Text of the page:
Atharvaveda(32): Prasna , Mandukya, Mundaka, Atma, Surya, Narada-Parivrajakas, Parabrahma, Paramahamsa-Parivrajakas, Pasupatha-Brahma, Mahavakya, Sandilya, Krishna, Garuda, Gopalatapani, Tripadavibhuti-mahnarayana, Dattatreya, Kaivalya, NrsimhatapanI, Ramatapani, Ramarahasya, HayagrIva, Atharvasikha, Atharvasira, Ganapati, Brhajjabala, Bhasmajabala, Sarabha, Annapurna, TripuratapanI, Devi, Bhavana, SIta.

The Cause of Suffering

The Cause of Suffering: The Kleshas

The Buddha says life is suffering; both the ancient yogis and the Buddhists point to the kleshas as the causes of our suffering. These “afflictions” distort our mind and our perceptions effecting how we think, act and feel. The five main kleshas vary in intensity on our psyche, from being inconsequential in their effect to utter blindness. The kleshas not only create suffering, but are said to bind us to the endless cycle of birth and rebirth, and thus preventing us from achieving enlightenment.
Avidya (ignorance) is the misconception of our true reality, believing that the temporary is eternal, the impure is the pure, and pleasure to be painful. This false representation of reality is the root klesha and produces the four others.
Asmita (I-am-ness) is the identification of ourselves with our ego. We create a self-image of ourselves that we believe is us, but it is not us. This self-image can contain both external (I am poor) and internal (I am a bad person) false projections. We become trapped within the projections we have created of our life.
Raga (attachment) is the attraction for things that bring satisfaction to oneself. Our desire for pleasurable experiences creates mindless actions and blind sighted vision. When we cannot obtain what we desire, we suffer. When we do obtain what we desire, our feelings of pleasure soon fade and we begin our search for pleasure again, becoming trapped in a endless cycle.
Dvesha (repulsion) is the opposite of raga, aversion towards things that produce unpleasant experiences. If we cannot avoid the things we dislike, we suffer. Even thinking about unpleasant experiences produces suffering.
Abhinivesha (will to live) is the deepest and most universal klesha, remaining with us until our deaths. We know that one day we will indeed die, yet our fear of death is a deeply buried in our unconsciousness.
The first stage of working with the kleshas is to simply acknowledge them. Reflection promotes self-awareness, self-understanding and self-knowledge to uncover and see the kleshas and their roots as well as how they create suffering.
The direct opposition of concentration and other yogic techniques can counteract simple kleshas. Gross kleshas are overcome with meditation, tapas and seeking wisdom. Yogic techniques are said to burn away the impurities of the kleshas to purify the mind. By ridding ourselves of our kleshas, we are able to clearly see the reality of the world and our own true nature.

Drishti – Your Focus, Now Where is the Mind

Focusing on a Drishti
A drishti (view or gaze) is a specific focal point that is employed during meditation or while holding a yoga posture. The ancient yogis discovered that where our gaze is directed our attention naturally follows, and that the quality of our gazing is directly reflected in the quality of our mental thoughts. When the gaze is fixed on a single point the mind is diminished from being stimulated by all other external objects. And when the gaze is fixed on a single point within the body, our awareness draws inwards and the mind remains undisturbed by external stimuli. Thus, the use of a drishti allows the mind to focus and move into a deep state of concentration. And the constant application of drishti develops ekagraha, single-pointed focus, an essential yogic technique used to still the mind.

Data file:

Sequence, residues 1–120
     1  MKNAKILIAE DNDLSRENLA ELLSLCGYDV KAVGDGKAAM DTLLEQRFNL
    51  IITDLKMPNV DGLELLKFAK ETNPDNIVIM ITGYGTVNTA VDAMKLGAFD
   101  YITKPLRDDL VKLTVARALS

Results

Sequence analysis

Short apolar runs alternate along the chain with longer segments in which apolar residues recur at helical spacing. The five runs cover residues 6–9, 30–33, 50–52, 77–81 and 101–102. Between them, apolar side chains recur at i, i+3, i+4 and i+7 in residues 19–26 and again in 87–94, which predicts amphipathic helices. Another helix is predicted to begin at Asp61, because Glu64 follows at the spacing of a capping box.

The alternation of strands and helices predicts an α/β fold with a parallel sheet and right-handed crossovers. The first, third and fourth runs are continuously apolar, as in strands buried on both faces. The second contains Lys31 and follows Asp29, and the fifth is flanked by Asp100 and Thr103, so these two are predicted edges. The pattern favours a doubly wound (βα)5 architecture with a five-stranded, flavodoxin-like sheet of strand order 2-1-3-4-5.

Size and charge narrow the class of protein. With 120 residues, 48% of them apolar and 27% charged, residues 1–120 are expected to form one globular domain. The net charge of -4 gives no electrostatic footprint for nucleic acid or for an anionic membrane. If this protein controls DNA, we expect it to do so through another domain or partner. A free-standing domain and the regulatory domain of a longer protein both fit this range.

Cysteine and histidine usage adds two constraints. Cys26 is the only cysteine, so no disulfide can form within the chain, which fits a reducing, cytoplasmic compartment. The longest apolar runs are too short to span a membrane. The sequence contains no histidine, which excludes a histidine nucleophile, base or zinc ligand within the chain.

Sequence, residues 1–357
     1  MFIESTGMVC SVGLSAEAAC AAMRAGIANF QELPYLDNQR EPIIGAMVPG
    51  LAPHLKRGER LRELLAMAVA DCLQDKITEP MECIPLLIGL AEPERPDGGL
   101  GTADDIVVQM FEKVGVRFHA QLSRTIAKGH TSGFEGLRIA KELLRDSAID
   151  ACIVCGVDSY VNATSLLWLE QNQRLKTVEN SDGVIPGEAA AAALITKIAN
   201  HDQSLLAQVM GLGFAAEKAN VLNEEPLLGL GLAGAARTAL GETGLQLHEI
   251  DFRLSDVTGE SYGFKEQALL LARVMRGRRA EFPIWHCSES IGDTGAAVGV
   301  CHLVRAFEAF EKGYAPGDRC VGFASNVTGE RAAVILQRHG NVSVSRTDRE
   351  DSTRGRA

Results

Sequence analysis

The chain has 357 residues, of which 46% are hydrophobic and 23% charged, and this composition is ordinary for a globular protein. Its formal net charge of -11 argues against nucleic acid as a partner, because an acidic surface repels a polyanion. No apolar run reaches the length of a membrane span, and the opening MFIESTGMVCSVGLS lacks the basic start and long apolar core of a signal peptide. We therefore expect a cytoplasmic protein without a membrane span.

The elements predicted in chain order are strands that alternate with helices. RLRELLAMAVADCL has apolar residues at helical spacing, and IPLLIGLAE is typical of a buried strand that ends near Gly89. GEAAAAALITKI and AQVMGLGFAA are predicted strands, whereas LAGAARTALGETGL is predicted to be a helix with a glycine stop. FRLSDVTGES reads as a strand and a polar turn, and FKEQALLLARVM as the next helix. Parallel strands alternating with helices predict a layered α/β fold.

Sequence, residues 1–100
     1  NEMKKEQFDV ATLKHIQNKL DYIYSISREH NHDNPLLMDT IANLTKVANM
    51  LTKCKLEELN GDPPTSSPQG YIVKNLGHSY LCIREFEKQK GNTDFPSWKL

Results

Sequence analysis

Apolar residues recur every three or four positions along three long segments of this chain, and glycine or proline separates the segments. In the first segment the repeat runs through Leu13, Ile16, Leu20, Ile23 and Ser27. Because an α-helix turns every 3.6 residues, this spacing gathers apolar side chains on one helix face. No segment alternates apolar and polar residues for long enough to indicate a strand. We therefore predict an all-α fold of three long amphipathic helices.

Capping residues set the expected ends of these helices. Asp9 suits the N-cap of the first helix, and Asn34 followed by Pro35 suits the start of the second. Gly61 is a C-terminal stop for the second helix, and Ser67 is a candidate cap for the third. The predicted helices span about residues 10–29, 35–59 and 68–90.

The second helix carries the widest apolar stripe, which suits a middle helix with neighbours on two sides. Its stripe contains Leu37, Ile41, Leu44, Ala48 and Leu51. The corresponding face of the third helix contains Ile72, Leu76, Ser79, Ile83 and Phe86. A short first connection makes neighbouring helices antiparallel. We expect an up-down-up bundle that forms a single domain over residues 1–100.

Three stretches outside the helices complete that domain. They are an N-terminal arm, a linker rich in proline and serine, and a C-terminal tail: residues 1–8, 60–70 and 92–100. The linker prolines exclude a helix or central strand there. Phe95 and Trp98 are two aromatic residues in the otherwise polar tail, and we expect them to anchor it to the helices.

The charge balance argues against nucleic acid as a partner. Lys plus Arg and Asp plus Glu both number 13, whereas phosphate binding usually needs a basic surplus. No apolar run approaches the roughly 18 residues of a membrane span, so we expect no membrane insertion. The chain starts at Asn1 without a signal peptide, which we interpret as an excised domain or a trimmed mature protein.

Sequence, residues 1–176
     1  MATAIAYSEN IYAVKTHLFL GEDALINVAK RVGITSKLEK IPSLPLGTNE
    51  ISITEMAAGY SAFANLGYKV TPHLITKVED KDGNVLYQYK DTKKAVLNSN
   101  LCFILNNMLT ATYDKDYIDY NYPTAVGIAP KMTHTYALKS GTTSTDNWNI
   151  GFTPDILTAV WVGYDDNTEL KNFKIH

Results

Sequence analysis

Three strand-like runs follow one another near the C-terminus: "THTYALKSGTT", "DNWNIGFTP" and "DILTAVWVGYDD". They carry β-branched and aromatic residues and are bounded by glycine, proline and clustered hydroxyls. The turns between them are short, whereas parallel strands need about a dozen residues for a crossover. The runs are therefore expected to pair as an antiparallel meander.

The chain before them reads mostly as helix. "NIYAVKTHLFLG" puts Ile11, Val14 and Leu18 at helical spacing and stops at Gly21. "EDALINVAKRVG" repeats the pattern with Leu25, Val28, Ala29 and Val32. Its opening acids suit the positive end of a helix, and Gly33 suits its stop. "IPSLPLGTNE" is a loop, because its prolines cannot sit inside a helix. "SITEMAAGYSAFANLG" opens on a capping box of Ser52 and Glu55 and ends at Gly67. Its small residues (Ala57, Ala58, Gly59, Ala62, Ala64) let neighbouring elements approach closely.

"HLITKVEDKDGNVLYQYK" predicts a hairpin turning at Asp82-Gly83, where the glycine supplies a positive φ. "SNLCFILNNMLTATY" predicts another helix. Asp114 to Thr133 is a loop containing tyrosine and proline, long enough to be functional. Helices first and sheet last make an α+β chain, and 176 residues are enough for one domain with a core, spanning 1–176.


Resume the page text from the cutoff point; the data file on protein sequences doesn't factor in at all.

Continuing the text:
A drishti is commonly used in meditation to focus and concentrate the mind. The most useful drishti points used are the breath and the third eye center. External focal points can also be used, such as the tip of the nose, a candle or mandala.
In yoga postures, a drishti is used to deepen the primary movement of the pose, as well as to keep the mind engaged and focused. To use a drishti while in a yoga pose, simply select the point where your gaze is naturally directed by the alignment of the posture. The use of drishtis in yoga postures is to be developed slowly over time. First one must develop and focus on the alignment of pose, then the breath, and then finally the drishti. Using a drishti is especially helpful if you are holding a posture for an extended period of time, and will be enormously helpful while practicing balancing poses.
In Ashtanga yoga, eight specific drishtis are used and described: Nasagrai Drishti, gaze at the tip of the nose, as used in upward facing dog and standing forward fold poses. Angusta Ma Dyai Drishti, gaze at the thumbs, as used in warrior I. Nabi Chakra Drishti, gaze at the navel, as used in downward facing dog. Pahayoragrai Drishti, gaze at the toes, as used in hand to toe pose and most seated forward bends. Hastagrai Drishti, gaze at the hands, as used in triangle and warrior II. Parsva Drishti, gaze to the side, as used in seated spinal twists. Urdhva Drishti, gaze upwards, as used in warrior angle, balancing half moon, and prayer twist. Naitrayohmadya or Broomadhya Drishti, gaze at the third eye or forehead, as used in fish, upward forward fold, and reverse warrior II.
When using a drishti, do not strain the eyes. The muscles around the eyes should be relaxed and the gaze should be soft. Generally, it is recommended to use bahya (external) gazing for externally oriented yoga practices and antara (internal) gazing for contemplative and meditative practices. But there is also value to having the eyes closed and using antara drishti during yoga postures, as this creates a deep state of meditation and inward focus while holding the pose.
In bhakti yoga, drishti is used in a slightly different way: a constant loving and longing gaze is turned toward the concept, name or image of God. Drishti can also be thought of in a broader context, of having the proper view or perspective of one’s life. By developing the ability to adapt one’s perspective to accommodate the continuous change in the world, we can avoid the unnecessary attachments that cause us suffering.